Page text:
July 12th, 2020
There is no "normal" when it comes to grieving. And many people say it doesn't ever quite end, it just changes. While this goes against our brain's desire to know there's some sort of finish line we're going to cross and then we can go back to life-as-usual, it's really not a one-size-fits-all experience. We have heard consistently from people that they move out of a phase of acute grief - where it can be hard to tie your shoes or remember what to buy at the grocery story - after the first year or so. And yet, there does continue to be waves of grief that come decades later. It's the judgement around these feelings that can cause the most damage. Much of what happens around The Dinner Party table is normalization. We're not alone. We're not weirdos. Grief is normal, and can be way less sucky if we have friends who've been through it, too.
July 12th, 2020
I don't know slash forever. There are commonly accepted unexamined myths like: after a year things change. Some of that is rooted in religious tradition, but the main thing that I have noticed in my experience is that the really intense pain does get better. Other than that, love does not go away or change. For me, being in relationship with Paul, who died almost 4 years ago, hasn't changed. I don't mean that in a mystical way; I mean feeling connected to him, feeling like he is my family forever, thinking about him while I'm raising our daughter and loving him, and even feeling responsible to him in making my own life decisions that affect our daughter, or decisions about his book. He really figures in my life, and in particular, really loving him forever and feeling sad forever. Whatever you're going through is normal. People's experiences and feelings are so varied- sadness of course, but also guilt, anxiety, relief. These things are universal.
One last thing that is actionable - you don't want to stop thinking about or talking about your person. In Sheryl Sandberg's book, she talks about being at a dinner party where couples were talking about their origin stories, how they met, and nobody asked her how she met her husband who had died. And she felt totally lonely and invisible. Either people didn't consider it or they thought if they asked it would make her sad, but she needed to tell the story just like a normal person because she is and she still holds the story. We don't always give each other room to express, like, what would your mom have said in this situation or what was your sister like or what was your baby's name? It feels good to talk about those things, just like it feels good when that person is alive, because it's your people. There's a quote I love that says: "When someone dies, you don't "get over" it by forgetting; you "get over" it by remembering."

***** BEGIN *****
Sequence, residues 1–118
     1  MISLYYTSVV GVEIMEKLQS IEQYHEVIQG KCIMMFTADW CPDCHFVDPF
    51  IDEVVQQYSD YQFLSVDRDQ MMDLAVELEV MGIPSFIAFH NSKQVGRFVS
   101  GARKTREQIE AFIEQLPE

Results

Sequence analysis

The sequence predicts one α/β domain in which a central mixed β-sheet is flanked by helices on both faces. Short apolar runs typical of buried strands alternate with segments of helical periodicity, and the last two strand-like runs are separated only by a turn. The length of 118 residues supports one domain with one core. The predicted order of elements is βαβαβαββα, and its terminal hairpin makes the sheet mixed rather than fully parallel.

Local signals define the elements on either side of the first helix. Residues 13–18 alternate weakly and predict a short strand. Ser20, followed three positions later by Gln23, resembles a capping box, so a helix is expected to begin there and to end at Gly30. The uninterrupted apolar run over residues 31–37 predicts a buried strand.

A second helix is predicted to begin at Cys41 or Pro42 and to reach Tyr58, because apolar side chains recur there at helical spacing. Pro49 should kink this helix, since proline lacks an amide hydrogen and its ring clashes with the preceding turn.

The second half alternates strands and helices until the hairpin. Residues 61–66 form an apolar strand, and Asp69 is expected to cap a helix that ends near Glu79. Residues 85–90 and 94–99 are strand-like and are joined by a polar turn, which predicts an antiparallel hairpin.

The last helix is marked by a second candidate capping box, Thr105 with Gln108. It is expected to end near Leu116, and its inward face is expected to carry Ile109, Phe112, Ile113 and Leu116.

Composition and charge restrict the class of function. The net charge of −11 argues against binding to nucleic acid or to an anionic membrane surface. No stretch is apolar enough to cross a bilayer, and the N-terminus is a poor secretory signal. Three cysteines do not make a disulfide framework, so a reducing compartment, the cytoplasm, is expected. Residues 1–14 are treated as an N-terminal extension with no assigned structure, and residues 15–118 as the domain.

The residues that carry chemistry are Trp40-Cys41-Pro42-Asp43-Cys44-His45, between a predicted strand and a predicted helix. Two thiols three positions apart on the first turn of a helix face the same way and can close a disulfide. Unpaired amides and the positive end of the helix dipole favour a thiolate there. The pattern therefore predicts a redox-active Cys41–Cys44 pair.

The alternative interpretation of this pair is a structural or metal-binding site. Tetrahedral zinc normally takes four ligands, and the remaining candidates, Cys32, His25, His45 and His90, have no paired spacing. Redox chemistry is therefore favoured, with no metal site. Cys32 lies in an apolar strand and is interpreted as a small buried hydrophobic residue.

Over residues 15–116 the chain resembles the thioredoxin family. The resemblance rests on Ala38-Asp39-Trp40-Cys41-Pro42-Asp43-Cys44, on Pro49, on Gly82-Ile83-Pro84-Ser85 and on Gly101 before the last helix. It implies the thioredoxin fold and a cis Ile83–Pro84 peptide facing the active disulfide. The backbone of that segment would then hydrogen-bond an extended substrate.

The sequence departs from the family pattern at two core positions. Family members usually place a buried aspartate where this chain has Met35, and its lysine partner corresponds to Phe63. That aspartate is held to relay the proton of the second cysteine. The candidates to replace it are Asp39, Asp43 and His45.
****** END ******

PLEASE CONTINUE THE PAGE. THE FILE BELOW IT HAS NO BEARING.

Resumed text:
July 15th, 2020
The honest thing to admit is that you're never letting go of your grief. It's like gaining the holiday five. Those pounds that we mean to get rid of in January, but come March or July, it's still there. And you know what? We're used to it by then and it's alright, and we just start to walk through life with that extra five pounds.
It's worth mentioning that In America, we can clinically diagnose someone with depression two weeks after the death of a child. This is on the DSM-5. There are proponents who say, "Well good because then people can receive grief counseling covered by insurance". No. How about we adequately and accurately provide grief care for people that doesn't cost $150/hr. How about we do that instead of label them with a code that has ramifications? If a person is labeled clinically depressed two weeks after the death of their child, that can affect things like parental visitation.
I understand why people may not go to a psychologist or psychiatrist and get a diagnosis for mental wellness issues. I don't call it mental illness; I call it mental wellness.
July 20th, 2020
The short answer is no, it will never go away. But you're not always going to feel so raw as you do in the beginning. You're not always going to be knocked down by your grief or feel like you've been swallowed by a tsunami washing over you and you can't get out of bed. You're not going to always feel like you have no idea how to live fully again. Over time, your grief is going to soften, but it will have flare ups.
I had a client once who said that he was experiencing sparks of grief and I think that's sort of how it feels over the long term. It just sort of comes up suddenly, but it doesn't come as often and it doesn't last as long and it's not as raw. But the fact is, is that the person that you love isn't here anymore.
So you're always going to miss him or her. And that's grief. It's always going to be a part of your life over time, but it doesn't have to be the headline event.